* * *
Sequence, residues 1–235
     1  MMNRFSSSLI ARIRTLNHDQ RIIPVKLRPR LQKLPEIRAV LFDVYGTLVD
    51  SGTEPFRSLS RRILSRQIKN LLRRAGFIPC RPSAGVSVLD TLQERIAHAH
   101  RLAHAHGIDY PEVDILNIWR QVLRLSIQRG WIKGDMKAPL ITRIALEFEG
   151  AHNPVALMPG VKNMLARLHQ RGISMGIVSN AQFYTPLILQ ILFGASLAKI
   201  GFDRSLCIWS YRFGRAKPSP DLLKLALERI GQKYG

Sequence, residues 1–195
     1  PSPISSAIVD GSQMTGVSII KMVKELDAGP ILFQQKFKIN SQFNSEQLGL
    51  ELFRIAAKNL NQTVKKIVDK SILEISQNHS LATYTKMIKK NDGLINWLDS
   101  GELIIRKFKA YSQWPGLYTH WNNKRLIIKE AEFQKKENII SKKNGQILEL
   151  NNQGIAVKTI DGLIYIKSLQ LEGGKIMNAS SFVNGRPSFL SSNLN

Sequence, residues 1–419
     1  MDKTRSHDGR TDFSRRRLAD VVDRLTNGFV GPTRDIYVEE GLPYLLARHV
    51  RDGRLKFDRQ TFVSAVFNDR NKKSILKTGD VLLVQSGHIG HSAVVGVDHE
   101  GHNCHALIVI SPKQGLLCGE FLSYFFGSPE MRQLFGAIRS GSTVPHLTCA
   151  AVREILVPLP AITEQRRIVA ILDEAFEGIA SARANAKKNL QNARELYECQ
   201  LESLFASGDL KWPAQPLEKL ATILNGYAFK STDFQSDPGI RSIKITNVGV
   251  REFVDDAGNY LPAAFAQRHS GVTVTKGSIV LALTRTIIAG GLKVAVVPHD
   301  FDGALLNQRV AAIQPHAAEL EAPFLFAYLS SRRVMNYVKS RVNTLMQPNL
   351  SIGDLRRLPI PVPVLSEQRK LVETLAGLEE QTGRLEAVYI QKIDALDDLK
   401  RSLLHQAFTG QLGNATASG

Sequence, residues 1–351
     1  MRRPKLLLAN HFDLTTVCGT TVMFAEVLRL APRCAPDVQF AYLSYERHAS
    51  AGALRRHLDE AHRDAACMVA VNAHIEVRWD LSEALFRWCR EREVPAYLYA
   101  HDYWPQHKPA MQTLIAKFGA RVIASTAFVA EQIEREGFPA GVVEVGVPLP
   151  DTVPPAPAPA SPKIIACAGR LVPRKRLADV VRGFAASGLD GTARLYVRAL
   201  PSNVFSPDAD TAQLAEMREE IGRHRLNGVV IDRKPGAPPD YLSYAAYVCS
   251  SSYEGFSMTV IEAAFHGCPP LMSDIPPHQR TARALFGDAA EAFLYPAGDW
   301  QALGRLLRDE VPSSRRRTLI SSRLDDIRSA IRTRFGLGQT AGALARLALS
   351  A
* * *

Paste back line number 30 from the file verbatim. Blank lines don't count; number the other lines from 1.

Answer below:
   351  A